First edition of the first book devoted to roses; a fine copy with noble provenance.
Mary Lawrance (fl. 1794-1830), was a noted flower-painter and teacher of painting, who exhibited at the Royal Academy in 1795, and this work represents a breakthrough in the depiction of the rose in all its complexity.
Preceding Redouté’s more famous work by some twenty years, Mary Lawrance’s Collection of Roses from Nature drew on the new found popularity of roses as an element in English gardens. Less delicate in drawing and coloring than Redouté’s Les Roses, Mrs. Lawrance’s roses have about them a certain charm and prettiness that one associates with the efforts of a particularly English type, the extremely skilled “amateur.”
The pioneering nature of the work means that there are inevitable infelicities in some of the plates, but as Lucia Tongiorgi Tomasi writes: “it cannot have been a simple task to present this flower for the first time in these ninety folio plates”. She also notes that the frontispiece, a garland of roses, “can certainly be counted among the most charming in botanical illustration” (An Oak Spring Flora, p.300). The work was published in thirty parts, beginning in 1796.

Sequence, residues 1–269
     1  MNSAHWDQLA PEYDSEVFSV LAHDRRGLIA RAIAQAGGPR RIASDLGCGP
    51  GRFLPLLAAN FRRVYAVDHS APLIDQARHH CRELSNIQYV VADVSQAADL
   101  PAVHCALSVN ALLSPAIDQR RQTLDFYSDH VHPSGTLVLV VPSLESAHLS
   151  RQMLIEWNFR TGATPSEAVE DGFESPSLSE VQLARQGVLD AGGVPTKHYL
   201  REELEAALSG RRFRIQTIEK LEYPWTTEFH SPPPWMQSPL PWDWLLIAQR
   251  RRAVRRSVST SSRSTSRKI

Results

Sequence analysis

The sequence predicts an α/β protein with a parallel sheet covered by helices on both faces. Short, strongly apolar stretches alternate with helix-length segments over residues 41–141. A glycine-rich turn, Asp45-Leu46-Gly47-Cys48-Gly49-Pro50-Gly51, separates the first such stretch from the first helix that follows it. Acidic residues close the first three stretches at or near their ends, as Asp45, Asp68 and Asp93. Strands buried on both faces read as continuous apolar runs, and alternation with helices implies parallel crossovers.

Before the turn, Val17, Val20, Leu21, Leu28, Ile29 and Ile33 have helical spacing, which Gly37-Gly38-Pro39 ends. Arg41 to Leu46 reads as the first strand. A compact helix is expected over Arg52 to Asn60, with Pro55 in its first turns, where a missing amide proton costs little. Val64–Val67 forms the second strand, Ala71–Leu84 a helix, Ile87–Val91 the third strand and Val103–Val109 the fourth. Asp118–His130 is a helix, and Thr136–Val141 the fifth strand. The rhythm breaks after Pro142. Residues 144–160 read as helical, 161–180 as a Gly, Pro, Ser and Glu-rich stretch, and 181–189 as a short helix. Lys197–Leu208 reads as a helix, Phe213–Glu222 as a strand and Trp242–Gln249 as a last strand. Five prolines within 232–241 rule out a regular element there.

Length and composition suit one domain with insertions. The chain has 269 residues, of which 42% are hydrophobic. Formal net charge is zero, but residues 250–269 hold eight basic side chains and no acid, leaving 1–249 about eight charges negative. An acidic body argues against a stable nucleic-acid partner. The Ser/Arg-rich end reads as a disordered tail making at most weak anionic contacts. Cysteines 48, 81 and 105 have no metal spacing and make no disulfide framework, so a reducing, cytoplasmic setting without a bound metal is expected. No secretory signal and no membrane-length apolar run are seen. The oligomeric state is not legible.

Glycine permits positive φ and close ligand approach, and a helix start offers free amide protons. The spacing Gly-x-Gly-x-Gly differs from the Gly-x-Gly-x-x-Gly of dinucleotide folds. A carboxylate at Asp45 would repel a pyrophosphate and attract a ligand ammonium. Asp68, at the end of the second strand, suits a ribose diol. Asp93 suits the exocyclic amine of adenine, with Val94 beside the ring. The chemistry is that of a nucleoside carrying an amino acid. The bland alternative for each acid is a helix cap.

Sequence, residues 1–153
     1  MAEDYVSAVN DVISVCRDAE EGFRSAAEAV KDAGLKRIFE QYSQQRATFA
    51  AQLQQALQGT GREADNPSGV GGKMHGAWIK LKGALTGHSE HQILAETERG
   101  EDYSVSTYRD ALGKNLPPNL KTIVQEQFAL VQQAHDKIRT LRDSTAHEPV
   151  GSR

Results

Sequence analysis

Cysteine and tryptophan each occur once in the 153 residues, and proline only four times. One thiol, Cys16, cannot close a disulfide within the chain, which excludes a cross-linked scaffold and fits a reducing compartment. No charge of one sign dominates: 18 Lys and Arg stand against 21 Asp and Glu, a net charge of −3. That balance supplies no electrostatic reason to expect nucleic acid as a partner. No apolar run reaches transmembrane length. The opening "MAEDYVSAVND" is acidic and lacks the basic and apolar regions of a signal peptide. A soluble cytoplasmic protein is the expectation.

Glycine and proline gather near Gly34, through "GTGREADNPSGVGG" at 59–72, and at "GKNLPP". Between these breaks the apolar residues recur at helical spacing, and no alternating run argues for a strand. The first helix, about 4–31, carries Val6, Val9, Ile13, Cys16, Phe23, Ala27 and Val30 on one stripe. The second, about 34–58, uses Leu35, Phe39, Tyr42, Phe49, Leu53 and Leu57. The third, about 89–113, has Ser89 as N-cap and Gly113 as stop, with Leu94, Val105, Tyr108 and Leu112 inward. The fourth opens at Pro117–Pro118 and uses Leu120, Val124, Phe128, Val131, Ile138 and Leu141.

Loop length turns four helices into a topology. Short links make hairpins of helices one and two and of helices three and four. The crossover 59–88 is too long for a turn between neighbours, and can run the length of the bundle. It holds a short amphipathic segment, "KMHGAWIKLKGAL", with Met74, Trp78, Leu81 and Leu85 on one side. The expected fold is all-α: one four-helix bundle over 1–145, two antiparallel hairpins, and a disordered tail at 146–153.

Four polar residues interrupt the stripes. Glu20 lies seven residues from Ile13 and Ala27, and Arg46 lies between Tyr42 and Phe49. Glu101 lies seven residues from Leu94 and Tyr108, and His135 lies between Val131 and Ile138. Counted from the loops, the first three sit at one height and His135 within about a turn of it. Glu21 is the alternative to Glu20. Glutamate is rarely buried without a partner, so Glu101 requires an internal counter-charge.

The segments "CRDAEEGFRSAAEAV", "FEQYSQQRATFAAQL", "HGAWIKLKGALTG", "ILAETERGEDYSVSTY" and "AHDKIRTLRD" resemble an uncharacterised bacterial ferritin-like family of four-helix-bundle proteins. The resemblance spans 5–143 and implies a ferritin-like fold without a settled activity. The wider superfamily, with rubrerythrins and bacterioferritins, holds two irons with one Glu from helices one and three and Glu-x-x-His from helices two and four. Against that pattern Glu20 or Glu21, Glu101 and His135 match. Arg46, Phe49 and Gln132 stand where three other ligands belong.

Folio (39 x 30 cm), hand-coloured stipple-engraved frontispiece, calligraphic title-page and dedication leaf, 90 etched and stipple-engraved plates, all hand-coloured, 4 partly or entirely captioned in the author’s hand, 2 leaves of letterpress at end. Burgundy morocco gilt by Zaehnsdorf, triple gilt fillet borders on covers, spine gilt with rose motifs in compartments, gilt lettered in two, gilt edges.
Provenance: Frederick, 2nd Lord Hesketh (bookplate).
Dunthorne 176; Great Flower Books, page 64; Henrey 3:948; Nissen BBI 1151; An Oak Spring Flora 78; not in Hunt.
Stock ID: 84800